As he got nearer I said, "I've run a lot of marathons but I've never seen that before!"  He seemed slightly surprised by that, as if juggling whilst running was pretty bog standard.  He asked me how many marathons.  I told him 41.  He said he'd run 46.  I didn't find out until later that his name was Tim and he meant 46 marathons whilst juggling the entire time.  He'd done more than that but didn't count the non-juggling ones.  OBVIOUSLY.  

We then spent the next 20 miles talking about all the races we'd done, comparing notes of the best bits and the worst bits, ones to recommend and avoid, figuring out which races we'd both done.  We talked about juggling (he's been juggling for years and it's second nature), we talked about our running ambitions - he is going for 100 juggling marathons - there's a guy in Chicago (Perry) who is doing the same but he's slightly ahead at the moment.  I'm running Chicago next month so I will have my eyes peeled for another juggler. 
I soon caught on that other runners/spectators are amused/amazed by the sight of a running juggler.  You can see the people coming towards us in this picture smiling and giving a thumbs up.  Every other person makes a comment, many of which are similar, "are you going to do that all the way round?" as well as loads of generic, "that's awesome" type comments and Tim has a range of stock responses, "I'm just doing it so I don't show you up", "I thought I'd let someone else win today" etc.  It reminded me of when we had our giant dog Ludo and random people constantly said, "Is that a dog or a bear?", "You could put a saddle on her," etc etc.  

Sometimes when I'm running with someone (usually someone fairly new to running) who finds out about my counties challenge, they ask me a gadzillion questions and I get a bit embarrassed going on and on about myself.  It feels like bragging and it makes me uncomfortable, after all I'm just shuffling round various places on a Sunday, it's not like I'm some kind of superhuman athlete.  Anyway I've discovered the answer is to run beside a juggling runner.  Nobody takes a second glance at you, nobody asks you any questions, Tim was basically my human shield for 20 miles!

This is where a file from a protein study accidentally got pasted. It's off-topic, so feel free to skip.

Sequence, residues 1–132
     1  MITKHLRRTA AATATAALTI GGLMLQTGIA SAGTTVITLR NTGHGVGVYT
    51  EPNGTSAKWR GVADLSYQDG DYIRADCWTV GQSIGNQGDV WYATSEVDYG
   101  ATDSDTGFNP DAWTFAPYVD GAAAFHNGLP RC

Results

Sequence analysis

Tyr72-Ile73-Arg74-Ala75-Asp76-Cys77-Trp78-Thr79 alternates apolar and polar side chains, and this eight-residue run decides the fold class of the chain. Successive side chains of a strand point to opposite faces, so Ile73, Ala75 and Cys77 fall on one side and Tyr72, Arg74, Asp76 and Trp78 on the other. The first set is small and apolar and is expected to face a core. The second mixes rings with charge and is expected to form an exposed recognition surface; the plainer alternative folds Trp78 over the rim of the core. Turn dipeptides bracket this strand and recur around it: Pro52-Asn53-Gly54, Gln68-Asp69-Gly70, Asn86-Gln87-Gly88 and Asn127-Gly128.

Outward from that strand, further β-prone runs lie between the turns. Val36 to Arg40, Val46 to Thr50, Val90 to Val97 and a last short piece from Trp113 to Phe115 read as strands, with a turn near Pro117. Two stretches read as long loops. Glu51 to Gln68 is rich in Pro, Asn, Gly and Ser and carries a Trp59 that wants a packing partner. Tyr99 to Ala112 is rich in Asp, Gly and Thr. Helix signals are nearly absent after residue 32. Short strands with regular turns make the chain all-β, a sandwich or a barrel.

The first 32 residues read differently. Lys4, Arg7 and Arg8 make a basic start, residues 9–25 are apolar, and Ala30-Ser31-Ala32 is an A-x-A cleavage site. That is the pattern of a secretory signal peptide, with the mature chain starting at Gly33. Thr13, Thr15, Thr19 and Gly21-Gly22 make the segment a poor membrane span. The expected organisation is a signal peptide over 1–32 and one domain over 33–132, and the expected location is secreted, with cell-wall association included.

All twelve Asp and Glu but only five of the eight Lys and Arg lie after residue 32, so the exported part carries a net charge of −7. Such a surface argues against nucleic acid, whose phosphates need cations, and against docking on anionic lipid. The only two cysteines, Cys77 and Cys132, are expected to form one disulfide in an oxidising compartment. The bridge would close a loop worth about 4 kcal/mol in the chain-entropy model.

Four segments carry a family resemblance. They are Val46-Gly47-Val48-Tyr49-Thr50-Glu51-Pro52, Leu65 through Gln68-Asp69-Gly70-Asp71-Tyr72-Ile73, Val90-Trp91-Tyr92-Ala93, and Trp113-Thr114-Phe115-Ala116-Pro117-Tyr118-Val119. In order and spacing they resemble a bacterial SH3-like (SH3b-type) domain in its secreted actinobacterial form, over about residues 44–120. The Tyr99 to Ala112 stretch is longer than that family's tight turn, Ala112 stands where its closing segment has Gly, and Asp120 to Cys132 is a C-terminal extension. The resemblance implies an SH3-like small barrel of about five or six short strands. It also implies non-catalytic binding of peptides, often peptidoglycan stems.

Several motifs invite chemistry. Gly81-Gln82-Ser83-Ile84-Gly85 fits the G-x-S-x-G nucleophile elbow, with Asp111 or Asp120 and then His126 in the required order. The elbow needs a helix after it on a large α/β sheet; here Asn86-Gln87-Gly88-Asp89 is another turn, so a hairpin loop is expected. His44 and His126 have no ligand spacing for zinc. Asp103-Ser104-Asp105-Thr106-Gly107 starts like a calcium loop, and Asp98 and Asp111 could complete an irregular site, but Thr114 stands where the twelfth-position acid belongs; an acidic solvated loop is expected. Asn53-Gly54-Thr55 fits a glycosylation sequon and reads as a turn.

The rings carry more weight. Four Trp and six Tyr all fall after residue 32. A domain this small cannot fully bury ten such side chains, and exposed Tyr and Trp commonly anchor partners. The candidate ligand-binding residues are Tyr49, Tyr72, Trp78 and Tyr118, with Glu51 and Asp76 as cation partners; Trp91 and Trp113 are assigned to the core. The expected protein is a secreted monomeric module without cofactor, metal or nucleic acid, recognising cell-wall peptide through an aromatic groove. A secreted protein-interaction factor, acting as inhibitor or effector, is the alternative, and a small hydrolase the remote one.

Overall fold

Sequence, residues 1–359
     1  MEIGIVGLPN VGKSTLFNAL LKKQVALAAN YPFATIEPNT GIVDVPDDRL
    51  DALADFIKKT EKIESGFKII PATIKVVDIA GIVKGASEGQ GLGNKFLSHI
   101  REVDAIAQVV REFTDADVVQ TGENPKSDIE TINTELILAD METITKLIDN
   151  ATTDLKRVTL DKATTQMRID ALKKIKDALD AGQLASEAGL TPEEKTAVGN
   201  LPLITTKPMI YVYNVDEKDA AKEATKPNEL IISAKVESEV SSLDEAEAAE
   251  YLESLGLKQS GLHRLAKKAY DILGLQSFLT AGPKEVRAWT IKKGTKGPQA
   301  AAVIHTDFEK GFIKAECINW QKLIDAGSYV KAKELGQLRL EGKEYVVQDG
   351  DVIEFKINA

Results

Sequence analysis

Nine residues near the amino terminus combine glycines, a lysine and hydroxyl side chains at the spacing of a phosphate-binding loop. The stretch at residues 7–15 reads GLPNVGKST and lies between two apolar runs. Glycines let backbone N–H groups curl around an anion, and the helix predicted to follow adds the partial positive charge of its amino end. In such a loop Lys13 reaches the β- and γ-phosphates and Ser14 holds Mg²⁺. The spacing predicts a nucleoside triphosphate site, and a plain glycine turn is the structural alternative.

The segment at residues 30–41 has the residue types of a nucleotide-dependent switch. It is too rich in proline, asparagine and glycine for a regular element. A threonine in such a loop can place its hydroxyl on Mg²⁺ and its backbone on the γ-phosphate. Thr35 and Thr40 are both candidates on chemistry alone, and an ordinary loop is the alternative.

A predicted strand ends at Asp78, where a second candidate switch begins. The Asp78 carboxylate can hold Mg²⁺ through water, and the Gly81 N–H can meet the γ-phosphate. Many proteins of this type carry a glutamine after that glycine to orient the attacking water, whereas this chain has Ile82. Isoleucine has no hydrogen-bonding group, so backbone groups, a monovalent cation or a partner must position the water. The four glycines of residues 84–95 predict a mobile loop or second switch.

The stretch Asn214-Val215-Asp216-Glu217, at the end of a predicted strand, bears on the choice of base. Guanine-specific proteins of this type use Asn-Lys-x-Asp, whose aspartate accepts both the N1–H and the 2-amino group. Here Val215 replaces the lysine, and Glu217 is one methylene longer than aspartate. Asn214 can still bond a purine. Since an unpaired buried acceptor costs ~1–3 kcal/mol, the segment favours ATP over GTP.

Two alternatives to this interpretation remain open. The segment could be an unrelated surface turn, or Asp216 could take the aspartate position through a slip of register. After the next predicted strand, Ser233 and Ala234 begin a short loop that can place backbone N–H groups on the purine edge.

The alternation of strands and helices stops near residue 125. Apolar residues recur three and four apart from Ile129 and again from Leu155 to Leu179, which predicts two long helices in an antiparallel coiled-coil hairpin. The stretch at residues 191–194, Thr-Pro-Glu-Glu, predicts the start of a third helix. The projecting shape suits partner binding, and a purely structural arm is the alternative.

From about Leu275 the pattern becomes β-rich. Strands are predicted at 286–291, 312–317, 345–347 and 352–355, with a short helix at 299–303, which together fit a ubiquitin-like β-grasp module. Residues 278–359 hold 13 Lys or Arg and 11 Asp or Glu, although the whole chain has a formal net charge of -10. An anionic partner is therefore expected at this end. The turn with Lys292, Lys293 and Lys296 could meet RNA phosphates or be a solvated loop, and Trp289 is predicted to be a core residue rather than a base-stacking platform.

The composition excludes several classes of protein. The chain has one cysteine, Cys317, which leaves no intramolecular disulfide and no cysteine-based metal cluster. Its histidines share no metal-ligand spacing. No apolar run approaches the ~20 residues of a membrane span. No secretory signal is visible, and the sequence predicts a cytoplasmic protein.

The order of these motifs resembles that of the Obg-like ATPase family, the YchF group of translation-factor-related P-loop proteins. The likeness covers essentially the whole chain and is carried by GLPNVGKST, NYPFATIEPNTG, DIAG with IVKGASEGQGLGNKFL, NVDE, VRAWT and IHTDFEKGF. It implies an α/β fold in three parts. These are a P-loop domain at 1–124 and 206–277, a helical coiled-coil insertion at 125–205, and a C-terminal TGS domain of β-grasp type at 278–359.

He was also really friendly and the miles just disappear when you've got someone good to talk to.  He let me try his super-tasty snack bars (Lucho Dillitos) which I'd never heard of.  We talked about stupid fancy dress costumes we've worn whilst running, we talked about his fundraising (he is raising money for Wildcat Conservation - here's the link:
If you can spare a few quid, why not bung it in his direction?!
So yeah.  We did some running.  The race was sponsored by Gu so I kept picking up gels even though I don't really use them, thinking they might come in handy in future (I do sometimes have an expresso one in night races to help me stay awake).  The race did an out-and-back, then went past the start again and headed out towards the peninsula.  There were a few forest bits:
The longest road section was on the way out towards the peninsula.  Somewhere along here Tim dropped a ball, something he only did three times throughout the 20 miles I ran with him.  The whole race was amazingly well marked, with marshalls anywhere you might get confused, and excellent medical support all the way round.  There were regular, well-stocked aid stations and friendly volunteers.  Surrey could learn a lot from Rutland....
This was the view back across the lake once we got onto the peninsula.  There was a little uphill section which we walked up whilst eating (both of us had done enough ultras to value a hill in a non-hilly race!)
This bit was probably the prettiest section of the whole race.  The rain seemed to have given up and I was feeling pretty cheerful at this point.  Tim and I were talking about blogs, I was telling him about how mine are really long and waffley and epic tales, whereas his are 3 lines: "Got there, ran it, went home".  He is writing a book, and we discussed how he could use his imagination to spice up his race reports - zombie sheep, killer geese, things slithering out of the bushes.  It was highly entertaining.